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The Hilliard Ensemble is on the move.

Is it their perfect tuning or their ideally matched voices? Or does it go beyond that? Could it be that the quartet's enthusiasm for discovering and performing both new and old music is contagious to every audience that hears them? According to tenor Steven Harrold, "In parts of Europe such as Germany, we feel that we could turn up and sing almost anything and get a good audience because they trust us to come up with an interesting program."

Time will tell whether Richmond audiences greet the ensemble with the same enthusiasm. Appearing at Virginia Commonwealth University on Jan. 28, the group plans to perform works from its recently released CD, "Missa Media Vita in Morte Sumus," with music by Flemish Renaissance composer Nicolas Gombert. And if any group can make an audience love Latin motets, it's the Hilliard.

The name of the group is almost as unusual as its spellbinding power to entice audiences with new music. While many groups name themselves after composers, this ensemble wanted something different. So the singers named themselves after English miniaturist Nicholas Hilliard. "Hilliard's portraits are very small-scale but incredibly detailed and very beautiful. It was an aim of the group to produce something similar in the musical world," says Harrold.

Although the Hilliard Ensemble is based in the United Kingdom, people are lucky to spot them there. "We managed about 115 concerts last year. And very few of these took place in the U.K.," says Harrold.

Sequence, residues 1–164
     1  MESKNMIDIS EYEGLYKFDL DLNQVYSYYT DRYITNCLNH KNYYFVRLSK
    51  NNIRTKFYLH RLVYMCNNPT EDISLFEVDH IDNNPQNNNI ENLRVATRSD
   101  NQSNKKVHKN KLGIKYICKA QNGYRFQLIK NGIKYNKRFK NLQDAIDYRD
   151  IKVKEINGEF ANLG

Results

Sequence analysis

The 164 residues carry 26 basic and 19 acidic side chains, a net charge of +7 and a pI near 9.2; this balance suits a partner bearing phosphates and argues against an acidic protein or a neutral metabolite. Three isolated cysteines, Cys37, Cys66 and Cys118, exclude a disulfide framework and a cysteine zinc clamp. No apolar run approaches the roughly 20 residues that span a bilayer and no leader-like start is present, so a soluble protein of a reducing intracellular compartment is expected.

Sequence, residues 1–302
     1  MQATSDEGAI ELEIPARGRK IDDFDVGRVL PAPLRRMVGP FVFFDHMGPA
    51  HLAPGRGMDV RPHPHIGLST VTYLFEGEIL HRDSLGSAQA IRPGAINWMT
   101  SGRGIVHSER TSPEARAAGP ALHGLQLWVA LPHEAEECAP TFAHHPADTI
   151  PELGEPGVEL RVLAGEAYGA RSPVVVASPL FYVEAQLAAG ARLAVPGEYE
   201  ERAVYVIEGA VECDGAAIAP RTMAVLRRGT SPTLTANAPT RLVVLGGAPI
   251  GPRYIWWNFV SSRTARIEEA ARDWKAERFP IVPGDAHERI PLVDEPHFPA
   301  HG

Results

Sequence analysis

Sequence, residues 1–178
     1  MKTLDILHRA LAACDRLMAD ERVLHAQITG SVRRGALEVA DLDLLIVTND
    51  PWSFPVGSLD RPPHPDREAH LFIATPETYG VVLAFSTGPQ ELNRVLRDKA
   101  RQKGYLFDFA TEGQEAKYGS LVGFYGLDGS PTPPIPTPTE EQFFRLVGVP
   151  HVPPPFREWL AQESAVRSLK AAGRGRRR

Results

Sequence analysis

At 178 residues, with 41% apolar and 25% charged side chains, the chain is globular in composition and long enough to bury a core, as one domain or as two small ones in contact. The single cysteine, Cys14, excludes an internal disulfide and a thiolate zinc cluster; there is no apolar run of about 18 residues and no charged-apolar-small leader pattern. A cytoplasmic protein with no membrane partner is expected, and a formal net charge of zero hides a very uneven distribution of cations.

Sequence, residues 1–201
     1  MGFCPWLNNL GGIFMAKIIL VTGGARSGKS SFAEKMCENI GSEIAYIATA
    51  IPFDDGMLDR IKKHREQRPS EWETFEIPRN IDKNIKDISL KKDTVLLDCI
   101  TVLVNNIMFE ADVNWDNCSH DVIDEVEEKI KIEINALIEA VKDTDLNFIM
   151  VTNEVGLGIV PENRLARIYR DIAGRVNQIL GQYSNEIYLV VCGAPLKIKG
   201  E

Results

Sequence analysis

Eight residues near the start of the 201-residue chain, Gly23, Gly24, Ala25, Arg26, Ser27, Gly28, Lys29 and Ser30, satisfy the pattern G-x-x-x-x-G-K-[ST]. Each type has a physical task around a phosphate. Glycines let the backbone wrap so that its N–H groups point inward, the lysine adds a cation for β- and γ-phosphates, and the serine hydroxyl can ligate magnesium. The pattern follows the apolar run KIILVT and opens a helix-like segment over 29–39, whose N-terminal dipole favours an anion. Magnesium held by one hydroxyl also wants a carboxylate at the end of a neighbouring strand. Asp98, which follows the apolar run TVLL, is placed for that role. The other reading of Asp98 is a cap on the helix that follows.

Because they're on the road so much, the members feel like a family. While some musical groups meet only on the concert stage, the members of the Hilliard Ensemble socialize and travel together. According to Harrold, "Three of us are skiers, and we often go skiing together outside of work, so we must get along pretty well!"

Not only do the members travel well together, they've even learned to criticize each other pleasantly. Because the ensemble members have a huge amount of respect for each other as performers, it's easy to correct another member. "If you have that mutual respect, it enables you to accept criticism and not to take it personally," comments Harrold.

In the group's 30-year existence, there have only been nine singers. And all the combinations have garnered praise. Perhaps the composer Stephen Hartke summed it up best by calling the group "the Rolls-Royce of vocal ensembles." S

The Hilliard Ensemble performs at VCU's W.E. Singleton Center for the Performing Arts on Saturday, Jan. 28, at 8 p.m. Tickets are $10-$25. Call 828-6776.


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